ADDOMEx researchers and students who participated in these experiments.
Aboard the RV Trident they collected water from the Flower Garden Banks, roughly 120 miles off the Texas coast, and from Tabs Buoy R, miles off Sabine Lake in west Louisiana. The researchers observed that the bacterial community dominated the response of samples from the open ocean while phytoplankton were more important in coastal waters. In the coming months, they will process 1000’s of samples collected, with anticipation of presenting their findings at the next Gulf of Mexico Oil Spill and Ecosystem Science conference schedule to be held in New Orleans (February 2017).
The bacterial community.
The scientific crew who collected samples on the first Trident cruise.
Julia Sweet uses a Hydrolab to measure various water parameters during the second cruise.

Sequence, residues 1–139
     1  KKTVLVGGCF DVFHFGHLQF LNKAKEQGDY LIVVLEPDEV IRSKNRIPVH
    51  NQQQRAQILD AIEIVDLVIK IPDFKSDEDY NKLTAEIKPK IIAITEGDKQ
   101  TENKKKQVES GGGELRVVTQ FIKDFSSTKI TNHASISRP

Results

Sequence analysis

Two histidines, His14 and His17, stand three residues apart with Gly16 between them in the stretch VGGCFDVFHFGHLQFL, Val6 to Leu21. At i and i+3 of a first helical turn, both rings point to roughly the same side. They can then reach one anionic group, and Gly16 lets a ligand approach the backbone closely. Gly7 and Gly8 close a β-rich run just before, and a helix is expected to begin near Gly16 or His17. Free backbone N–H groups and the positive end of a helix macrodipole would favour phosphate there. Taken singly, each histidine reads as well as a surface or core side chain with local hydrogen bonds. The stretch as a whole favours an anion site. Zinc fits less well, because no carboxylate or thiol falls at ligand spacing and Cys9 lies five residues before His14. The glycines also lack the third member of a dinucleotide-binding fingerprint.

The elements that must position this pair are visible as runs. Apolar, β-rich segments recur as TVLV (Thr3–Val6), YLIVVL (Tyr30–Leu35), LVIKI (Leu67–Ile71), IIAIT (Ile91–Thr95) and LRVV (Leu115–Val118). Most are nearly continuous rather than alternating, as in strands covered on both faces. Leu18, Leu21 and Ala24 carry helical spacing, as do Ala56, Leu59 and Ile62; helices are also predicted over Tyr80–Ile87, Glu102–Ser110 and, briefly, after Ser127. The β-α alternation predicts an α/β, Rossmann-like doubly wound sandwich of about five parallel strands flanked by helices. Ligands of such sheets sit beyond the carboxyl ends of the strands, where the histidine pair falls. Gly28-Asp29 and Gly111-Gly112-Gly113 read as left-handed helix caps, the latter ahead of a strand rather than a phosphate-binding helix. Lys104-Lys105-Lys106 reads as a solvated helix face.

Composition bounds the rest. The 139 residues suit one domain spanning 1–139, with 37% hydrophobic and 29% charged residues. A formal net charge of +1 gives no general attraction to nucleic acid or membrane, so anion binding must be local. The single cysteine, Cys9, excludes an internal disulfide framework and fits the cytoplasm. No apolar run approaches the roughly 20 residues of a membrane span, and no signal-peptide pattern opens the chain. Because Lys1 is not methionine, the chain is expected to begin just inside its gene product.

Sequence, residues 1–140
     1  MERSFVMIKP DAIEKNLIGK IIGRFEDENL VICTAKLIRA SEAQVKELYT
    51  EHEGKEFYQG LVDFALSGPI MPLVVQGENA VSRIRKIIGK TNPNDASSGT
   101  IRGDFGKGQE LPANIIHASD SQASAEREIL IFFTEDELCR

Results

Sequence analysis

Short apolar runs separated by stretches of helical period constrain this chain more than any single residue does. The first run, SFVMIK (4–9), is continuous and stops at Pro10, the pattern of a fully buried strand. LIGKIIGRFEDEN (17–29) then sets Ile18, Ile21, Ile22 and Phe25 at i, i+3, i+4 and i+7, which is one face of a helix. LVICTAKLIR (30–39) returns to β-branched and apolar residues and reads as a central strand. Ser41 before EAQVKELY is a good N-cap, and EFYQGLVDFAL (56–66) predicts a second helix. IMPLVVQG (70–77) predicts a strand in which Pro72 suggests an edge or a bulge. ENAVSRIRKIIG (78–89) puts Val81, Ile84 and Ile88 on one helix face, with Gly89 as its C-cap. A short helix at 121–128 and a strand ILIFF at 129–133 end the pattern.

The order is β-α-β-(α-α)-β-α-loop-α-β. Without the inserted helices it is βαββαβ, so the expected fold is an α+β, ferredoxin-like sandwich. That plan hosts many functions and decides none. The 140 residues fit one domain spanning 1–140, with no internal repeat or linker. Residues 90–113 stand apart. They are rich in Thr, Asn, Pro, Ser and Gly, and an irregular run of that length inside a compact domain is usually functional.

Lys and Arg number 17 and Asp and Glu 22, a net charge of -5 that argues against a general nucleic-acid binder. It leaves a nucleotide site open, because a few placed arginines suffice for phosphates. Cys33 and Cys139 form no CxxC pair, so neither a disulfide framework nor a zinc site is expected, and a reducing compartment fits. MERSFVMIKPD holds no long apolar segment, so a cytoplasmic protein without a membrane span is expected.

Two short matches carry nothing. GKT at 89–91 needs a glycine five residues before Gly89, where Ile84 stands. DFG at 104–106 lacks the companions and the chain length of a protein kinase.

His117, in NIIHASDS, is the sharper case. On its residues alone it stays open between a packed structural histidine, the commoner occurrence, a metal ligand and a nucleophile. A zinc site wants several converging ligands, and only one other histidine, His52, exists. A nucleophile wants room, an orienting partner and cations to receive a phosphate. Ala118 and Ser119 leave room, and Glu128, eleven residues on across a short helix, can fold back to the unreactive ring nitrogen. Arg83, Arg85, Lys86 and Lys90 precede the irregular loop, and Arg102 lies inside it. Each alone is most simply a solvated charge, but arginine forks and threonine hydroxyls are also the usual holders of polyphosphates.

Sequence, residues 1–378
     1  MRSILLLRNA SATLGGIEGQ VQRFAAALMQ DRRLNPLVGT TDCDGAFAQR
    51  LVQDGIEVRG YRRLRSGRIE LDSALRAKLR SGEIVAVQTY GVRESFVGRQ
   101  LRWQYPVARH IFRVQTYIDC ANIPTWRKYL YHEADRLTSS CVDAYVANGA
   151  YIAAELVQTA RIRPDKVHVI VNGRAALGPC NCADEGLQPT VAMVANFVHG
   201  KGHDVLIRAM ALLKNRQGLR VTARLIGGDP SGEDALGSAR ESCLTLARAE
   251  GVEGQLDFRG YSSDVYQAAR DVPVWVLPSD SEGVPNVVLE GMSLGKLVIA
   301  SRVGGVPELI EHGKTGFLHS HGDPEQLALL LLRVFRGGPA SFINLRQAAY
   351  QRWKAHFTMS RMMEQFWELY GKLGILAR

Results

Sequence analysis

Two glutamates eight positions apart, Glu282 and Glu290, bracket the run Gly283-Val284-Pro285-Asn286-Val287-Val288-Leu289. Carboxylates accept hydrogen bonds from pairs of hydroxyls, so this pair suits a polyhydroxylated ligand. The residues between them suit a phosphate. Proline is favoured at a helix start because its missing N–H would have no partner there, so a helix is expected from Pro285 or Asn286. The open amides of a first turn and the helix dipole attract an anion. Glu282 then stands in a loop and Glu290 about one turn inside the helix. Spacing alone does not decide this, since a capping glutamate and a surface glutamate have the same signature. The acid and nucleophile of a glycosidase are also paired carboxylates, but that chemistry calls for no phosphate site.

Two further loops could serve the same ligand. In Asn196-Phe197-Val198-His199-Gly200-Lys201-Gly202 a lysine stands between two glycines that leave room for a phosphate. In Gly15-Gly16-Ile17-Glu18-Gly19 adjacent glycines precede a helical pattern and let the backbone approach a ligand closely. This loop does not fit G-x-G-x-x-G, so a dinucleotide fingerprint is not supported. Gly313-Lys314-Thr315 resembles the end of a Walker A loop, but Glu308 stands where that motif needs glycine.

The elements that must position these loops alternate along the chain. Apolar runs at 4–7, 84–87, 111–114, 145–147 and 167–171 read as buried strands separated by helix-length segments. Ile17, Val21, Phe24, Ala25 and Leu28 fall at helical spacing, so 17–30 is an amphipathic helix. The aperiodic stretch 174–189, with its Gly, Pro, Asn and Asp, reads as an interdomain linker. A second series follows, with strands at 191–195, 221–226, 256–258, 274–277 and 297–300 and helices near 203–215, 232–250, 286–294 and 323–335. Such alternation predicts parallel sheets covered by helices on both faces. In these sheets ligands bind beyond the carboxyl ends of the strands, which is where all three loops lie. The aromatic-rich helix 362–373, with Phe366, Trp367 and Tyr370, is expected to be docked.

ADDOMEx Team Members Host a Lab Exchange
Just before Christmas, ADDOMEx members from Texas A&M University at Galveston (TAMUG), as well as Mount Allison University in Canada travelled to Santa Barbara, CA to participate in a lab exchange. Dr. Uta Passow and her lab manager Julia Sweet from the University of California Santa Barbara (UCSB) hosted this exchange in an effort to streamline the protocols that are used by the consortium when forming aggregates in roller tables.
Roller tables have been used for some time by Dr. Passow to form and study aggregates. These tables function by slowly spinning circular tanks that have been completely filled with water. The speed of the rolling tank (and the lack of air bubbles inside) is such that solid body rotation is established and the aggregates in the tank are moved up with the body of water while they sink, effectively keeping them from falling out of suspension.
“I was fascinated by both the approach and the way the experiment unfolded.” Says Chris Brown, a participating researcher from Mt. Allison, “The roller tank design allows aggregates to continually sink, grow and change, simulating an extended sinking event from the upper ocean to the depths.”
Sinking aggregates (such as those pictured at right) are important for bringing nutrients from the surface of the ocean to its depths; they can also collect oil droplets from a spill as they sink, potentially exposing the droplets to oil degrading micro-organisms.